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Breaking out the checkbook

"Breaking out the checkbook" Continued...

Issue: "Schock factor," Jan. 31, 2009

But that agreeable attitude is not without objections. In an apparent effort to recapture the GOP image as deficit hawks, McConnell has criticized attempts to include in the stimulus package pet projects like a Las Vegas museum of organized crime or a Miami water slide. Mayors from around the country have requested $73 billion for such public initiatives, claiming they will create thousands of new jobs. McConnell is stressing the need for targeted and temporary relief, rather than permanent government expansion.

Rep. John Boehner, R-Ohio

The House minority leader affirms the need for a stimulus package but has expressed significant concern regarding the size and scope of what many Democrats propose. Central to Boehner's apprehension are proposed infrastructure projects, such as bike paths and civic beautification. He contends that any spending on infrastructure must target only essential initiatives, such as widening highways or constructing needed buildings.

The bulk of the stimulus plan, he says, should go toward allowing "American families and small businesses to keep more of what they earn." During preliminary stimulus discussions, Boehner stressed the urgency of quick passage and agreed that a President's Day deadline was attainable. But upon hearing the intentions of some Democrats to tweak the plan away from tax-cutting and toward long-term government expansion, he now doubts whether lawmakers can reach adequate compromise in such short order: "Whether we can do it in a responsible way that quickly is unknown."

Conservative lobbies and think tanks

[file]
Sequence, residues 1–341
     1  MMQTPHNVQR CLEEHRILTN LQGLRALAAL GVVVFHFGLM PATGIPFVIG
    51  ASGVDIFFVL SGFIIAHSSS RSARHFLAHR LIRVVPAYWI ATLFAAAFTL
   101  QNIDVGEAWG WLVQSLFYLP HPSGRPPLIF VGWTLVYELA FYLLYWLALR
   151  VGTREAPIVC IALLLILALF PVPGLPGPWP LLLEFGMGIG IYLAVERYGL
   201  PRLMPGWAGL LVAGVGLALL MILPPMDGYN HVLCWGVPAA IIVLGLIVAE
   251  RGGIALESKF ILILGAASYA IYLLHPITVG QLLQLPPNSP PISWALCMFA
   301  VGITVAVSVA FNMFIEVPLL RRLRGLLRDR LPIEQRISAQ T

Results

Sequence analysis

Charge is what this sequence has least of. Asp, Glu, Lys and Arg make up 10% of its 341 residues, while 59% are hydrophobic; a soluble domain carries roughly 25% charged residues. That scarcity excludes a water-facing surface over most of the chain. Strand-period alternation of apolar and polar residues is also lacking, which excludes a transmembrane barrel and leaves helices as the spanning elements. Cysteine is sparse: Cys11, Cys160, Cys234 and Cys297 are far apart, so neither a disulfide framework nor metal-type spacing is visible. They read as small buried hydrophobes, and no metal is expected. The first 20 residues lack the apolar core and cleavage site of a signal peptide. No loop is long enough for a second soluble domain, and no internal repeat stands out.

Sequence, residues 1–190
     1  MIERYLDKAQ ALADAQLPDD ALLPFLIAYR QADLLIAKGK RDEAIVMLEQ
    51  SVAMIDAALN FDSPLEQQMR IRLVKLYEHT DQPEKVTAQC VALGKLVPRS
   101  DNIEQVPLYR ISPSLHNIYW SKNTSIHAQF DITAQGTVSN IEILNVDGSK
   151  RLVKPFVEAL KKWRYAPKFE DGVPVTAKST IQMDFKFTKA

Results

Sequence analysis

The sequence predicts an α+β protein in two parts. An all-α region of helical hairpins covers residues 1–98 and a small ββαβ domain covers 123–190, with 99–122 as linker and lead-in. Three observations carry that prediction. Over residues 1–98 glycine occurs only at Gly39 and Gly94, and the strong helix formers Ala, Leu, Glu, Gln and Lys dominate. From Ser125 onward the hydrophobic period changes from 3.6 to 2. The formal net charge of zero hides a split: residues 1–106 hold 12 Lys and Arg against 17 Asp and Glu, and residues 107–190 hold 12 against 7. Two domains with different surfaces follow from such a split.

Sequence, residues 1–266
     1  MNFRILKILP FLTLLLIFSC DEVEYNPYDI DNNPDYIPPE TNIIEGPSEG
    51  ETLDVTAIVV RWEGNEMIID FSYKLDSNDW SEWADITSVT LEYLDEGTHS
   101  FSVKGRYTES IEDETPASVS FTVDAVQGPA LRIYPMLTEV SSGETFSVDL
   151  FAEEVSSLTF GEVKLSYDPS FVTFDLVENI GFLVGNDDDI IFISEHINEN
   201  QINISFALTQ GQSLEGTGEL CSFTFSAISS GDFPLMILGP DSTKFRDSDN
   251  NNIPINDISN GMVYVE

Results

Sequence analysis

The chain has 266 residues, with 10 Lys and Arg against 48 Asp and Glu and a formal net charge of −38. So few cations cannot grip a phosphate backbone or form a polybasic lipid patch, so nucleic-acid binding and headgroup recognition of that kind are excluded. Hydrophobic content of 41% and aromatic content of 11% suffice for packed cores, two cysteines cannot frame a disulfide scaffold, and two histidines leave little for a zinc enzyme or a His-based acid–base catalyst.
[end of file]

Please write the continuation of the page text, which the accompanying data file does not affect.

While Republican lawmakers have expressed near universal support for an unprecedented government spending bill to spur the economy, many conservative lobby groups and think tanks remain unconvinced. The Heritage Foundation argues that the best means to soften the economic recession and speed up recovery is to extend the 2001 and 2003 tax reductions and to provide further tax breaks to small businesses and corporations via a 10 percent cut to the top rate. Brian Riedl, a Heritage budget analyst, calls Obama's approach a repeat of "1970s-style, big-government expansion." Club for Growth president Pat Tooney argues that Obama's plan is naive: "If government spending was all it took to avoid a recession or get out of one, how could we ever have one?"

But the U.S. Chamber of Commerce, a lobby group representing 3 million businesses that typically opposes government spending, contends that the current financial crisis amounts to a heart attack in need of shock from a big-spend defibrillator. Chamber president Thomas J. Donohue has praised the direction Obama is taking, which "includes not only tax cuts for workers and businesses, but also his strong emphasis on infrastructure."

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